• Rides de reliquiis martyrum, & cum auctore hujus hæreseos Eunomio, ecclesiis Christi calumniam struis; nec tali societate

terreris, ut eadem contra nos loquaris, qua ille contra ecclesiam loquitur. Adv. Vigilant. T. iv. p. 285. in.

Upon the whole, the chapter of this bishop of Cæsarea, with the select passages alleged from him, and his several passages concerning the books of the New Testament, and observations upon them, may be reckoned as important a chapter as any in this work, if not the principal of all. As such, it is recommended to the consideration of those who are desirous to form a right judgment concerning the evidences there are of the genuineness, antiquity, and authority of the books of the New Testament now received by us.

Ch. LXXIII. Marcellus, a learned man, bishop of Ancyra in Galatia, was present at the Council of Nice in 325. In 334 or 335, he published a book against Asterius and other Arians; whereby he wrought upon himself a charge of Sabellianism or Unitarianism, for which he was deposed by the Arians in a council held at Constantinople in 336, and Basil was put in his room. He appears to have received the scriptures of the Old and New Testament as other Christians did, and to have had the same respect for them.

Ch. LXXIV. Eustathius, bishop of Antioch, and a principal part of the council of Nice, author of divers works (some written against the Arian doctrine by the intrigues of Eusebius of Nicomedia, and those who adhered to him) was deposed by a synod at Antioch in the year 828, or soon after, as a Sabellian, and otherwise unworthy of the pastoral office: after which he was banished. As little of him remains, we can only say, that he received the same scriptures which other Christians did. Ch. LXXV. Athanasius succeeded Alexander in the see of Alexandria in the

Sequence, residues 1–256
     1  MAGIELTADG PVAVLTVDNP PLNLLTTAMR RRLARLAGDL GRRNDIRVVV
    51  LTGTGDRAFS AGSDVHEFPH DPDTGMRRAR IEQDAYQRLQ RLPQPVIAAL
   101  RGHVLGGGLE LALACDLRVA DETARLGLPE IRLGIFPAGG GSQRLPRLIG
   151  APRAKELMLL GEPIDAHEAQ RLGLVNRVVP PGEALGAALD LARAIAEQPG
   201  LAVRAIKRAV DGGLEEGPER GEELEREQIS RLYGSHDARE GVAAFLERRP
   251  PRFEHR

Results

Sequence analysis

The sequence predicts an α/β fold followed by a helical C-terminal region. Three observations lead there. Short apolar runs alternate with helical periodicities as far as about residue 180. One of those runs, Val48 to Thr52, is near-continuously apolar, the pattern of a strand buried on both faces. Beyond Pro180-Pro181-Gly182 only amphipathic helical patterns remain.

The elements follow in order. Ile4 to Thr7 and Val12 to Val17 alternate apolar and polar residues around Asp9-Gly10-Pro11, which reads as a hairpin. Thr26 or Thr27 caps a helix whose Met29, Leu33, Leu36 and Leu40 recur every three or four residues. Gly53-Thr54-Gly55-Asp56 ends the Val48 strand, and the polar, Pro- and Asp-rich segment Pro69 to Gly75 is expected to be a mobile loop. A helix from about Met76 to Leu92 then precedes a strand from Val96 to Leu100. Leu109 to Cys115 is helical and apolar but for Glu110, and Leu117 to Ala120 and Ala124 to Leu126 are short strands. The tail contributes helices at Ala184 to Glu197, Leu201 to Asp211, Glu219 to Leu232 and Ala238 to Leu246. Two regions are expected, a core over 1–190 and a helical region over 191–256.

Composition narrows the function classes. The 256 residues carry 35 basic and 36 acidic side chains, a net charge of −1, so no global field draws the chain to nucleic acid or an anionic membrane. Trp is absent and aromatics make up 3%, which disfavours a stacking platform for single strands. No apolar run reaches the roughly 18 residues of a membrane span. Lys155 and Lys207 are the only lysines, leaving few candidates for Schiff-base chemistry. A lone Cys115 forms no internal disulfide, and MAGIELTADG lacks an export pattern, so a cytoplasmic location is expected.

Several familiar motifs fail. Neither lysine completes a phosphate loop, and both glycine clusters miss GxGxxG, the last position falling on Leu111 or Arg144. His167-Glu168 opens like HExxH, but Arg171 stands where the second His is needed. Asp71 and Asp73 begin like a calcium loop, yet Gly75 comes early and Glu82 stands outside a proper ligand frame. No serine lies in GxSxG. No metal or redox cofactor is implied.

year 326, and died in 373, when he had been bishop 46 years complete. From his Festal Epistle, and his other works, he appears to have received, as divine scripture, all the same books of the New Testament which we do, and no other: the four gospels, the Acts of the apostles written by Luke, the seven catholic epistles, fourteen epistles of the apostle Paul, and the Revelation. Beside these, there are others of which he speaks, as being without, not canonical, but allowed to be read by those who are newly converted, and are desirous to be instructed in the doctrines of religion. He mentions but two only, the Doctrine of the Apostles, and the Shepherd, meaning Hermas. Afterwards at the end of his Festal Epistle he speaks of apocryphal books, which he censures in general, as the inventions,' or forgeries, of heretics;' but does not name any one of them. So at the end of the Festal Epistle: and at the beginning of it he cautions men not to be seduced to